The present invention relates, in general, to electronics, and more particularly, to methods of forming semiconductor devices and structure.

In the past, the semiconductor industry utilized various methods and structures to produce semiconductor diodes. Semiconductor diodes, including Schottky diodes, were used in many different applications and were especially useful in power supplies. In these applications, and especially in power supply applications, it was important for the diodes to have a low forward voltage and low leakage current in order to minimize power losses and provide high efficiency. In many cases, the forward voltage of the diode was not sufficiently low to provide the desired efficiency. In other cases, a low forward voltage was obtained at the expense of increased leakage current or higher cost.

Accordingly, it is desirable to have a semiconductor diode that has a low forward voltage, that has low leakage current, and that has a low cost.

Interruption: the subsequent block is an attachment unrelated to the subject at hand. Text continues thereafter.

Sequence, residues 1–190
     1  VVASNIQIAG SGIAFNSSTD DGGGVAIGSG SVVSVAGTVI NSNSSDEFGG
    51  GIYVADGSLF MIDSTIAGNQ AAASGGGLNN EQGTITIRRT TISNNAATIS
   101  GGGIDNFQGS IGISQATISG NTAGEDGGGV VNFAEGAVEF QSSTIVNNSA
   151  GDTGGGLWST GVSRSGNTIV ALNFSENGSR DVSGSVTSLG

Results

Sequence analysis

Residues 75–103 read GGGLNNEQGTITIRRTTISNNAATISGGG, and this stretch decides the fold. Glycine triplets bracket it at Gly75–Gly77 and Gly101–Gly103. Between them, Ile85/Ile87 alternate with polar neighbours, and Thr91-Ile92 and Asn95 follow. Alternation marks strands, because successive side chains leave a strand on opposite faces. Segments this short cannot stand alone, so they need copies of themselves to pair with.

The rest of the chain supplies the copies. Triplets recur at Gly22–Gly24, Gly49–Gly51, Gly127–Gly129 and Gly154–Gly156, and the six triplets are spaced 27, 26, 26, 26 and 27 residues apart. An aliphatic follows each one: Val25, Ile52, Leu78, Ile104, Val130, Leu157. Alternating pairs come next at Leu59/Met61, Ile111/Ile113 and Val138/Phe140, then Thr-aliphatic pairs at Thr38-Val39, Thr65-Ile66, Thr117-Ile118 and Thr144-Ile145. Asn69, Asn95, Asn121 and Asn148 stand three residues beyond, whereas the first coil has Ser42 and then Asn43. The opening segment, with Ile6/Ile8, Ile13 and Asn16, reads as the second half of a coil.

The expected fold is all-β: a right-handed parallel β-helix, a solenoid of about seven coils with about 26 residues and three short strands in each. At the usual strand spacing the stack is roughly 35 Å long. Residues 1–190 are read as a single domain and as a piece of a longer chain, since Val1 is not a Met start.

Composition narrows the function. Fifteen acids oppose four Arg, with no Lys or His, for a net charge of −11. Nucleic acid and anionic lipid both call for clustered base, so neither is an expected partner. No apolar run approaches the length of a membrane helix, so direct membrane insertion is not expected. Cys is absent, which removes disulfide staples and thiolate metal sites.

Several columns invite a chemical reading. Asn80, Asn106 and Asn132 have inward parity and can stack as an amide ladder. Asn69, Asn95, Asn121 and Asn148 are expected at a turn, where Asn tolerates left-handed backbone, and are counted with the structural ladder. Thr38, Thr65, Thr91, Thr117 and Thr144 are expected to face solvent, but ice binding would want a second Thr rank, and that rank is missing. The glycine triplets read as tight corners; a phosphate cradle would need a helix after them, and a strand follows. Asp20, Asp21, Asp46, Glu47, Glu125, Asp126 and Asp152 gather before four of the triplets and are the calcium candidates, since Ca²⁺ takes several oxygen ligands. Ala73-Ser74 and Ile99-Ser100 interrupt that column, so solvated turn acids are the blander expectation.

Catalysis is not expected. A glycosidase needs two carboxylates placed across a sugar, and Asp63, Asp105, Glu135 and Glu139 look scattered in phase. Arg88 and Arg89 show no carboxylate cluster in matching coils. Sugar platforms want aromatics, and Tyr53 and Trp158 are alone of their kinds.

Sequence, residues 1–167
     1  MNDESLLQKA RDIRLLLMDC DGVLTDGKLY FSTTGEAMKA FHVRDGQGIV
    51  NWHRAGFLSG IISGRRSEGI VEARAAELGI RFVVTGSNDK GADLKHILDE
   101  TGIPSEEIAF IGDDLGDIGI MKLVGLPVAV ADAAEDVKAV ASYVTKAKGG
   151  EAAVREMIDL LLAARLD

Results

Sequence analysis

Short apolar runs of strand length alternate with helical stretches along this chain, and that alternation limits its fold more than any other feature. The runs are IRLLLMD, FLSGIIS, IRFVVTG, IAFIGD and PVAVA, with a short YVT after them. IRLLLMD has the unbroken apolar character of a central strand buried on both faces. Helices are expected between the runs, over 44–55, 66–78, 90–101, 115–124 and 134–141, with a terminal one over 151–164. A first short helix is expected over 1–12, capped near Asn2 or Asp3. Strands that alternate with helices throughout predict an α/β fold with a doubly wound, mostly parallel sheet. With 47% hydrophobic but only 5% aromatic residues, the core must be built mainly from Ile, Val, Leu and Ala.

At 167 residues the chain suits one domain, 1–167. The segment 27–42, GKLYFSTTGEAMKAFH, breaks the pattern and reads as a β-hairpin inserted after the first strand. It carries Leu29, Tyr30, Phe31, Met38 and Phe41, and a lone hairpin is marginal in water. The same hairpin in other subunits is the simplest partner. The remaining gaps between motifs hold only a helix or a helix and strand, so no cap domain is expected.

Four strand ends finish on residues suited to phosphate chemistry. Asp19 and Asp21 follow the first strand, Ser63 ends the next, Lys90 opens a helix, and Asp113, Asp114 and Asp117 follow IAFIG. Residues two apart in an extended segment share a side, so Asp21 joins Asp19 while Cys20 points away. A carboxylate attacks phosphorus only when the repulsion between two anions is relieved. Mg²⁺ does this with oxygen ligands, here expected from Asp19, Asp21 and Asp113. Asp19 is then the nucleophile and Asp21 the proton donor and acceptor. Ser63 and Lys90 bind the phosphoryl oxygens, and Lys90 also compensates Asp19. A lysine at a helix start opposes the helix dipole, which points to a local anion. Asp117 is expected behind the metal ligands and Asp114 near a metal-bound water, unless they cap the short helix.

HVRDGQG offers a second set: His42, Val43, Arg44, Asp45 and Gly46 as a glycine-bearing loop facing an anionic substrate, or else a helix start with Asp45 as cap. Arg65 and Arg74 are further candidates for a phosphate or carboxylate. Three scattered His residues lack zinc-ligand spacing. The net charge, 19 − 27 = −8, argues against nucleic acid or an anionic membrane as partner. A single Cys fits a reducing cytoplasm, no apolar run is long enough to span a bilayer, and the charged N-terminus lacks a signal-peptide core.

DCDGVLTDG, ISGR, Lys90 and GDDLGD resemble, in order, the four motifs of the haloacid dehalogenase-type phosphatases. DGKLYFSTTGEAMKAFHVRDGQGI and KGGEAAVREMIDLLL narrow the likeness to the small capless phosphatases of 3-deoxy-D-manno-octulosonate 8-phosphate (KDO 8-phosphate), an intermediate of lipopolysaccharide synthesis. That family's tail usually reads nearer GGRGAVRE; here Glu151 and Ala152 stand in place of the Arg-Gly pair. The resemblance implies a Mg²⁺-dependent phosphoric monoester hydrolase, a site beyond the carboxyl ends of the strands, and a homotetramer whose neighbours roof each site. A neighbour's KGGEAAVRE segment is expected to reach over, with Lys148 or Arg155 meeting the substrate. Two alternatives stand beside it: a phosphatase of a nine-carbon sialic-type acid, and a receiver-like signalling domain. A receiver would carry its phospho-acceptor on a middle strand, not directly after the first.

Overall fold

BRIEF DESCRIPTION OF THE DRAWINGS

FIG. 1 schematically illustrates an enlarged cross-sectional portion of an embodiment of a Schottky diode in accordance with the present invention;

FIG. 2 schematically illustrates the Schottky diode of FIG. 1 at an early manufacturing stage according to an embodiment of a method of forming the Schottky diode of FIG. 1 in accordance with the present invention;

FIG. 3 through FIG. 5 schematically illustrate subsequent manufacturing stages according to an embodiment of a method of forming the Schottky diode of FIG. 1 in accordance with the present invention; and

FIG. 6 schematically illustrates an enlarged plan view of an embodiment of a portion of the Schottky diode of FIG. 1 in accordance with the present invention.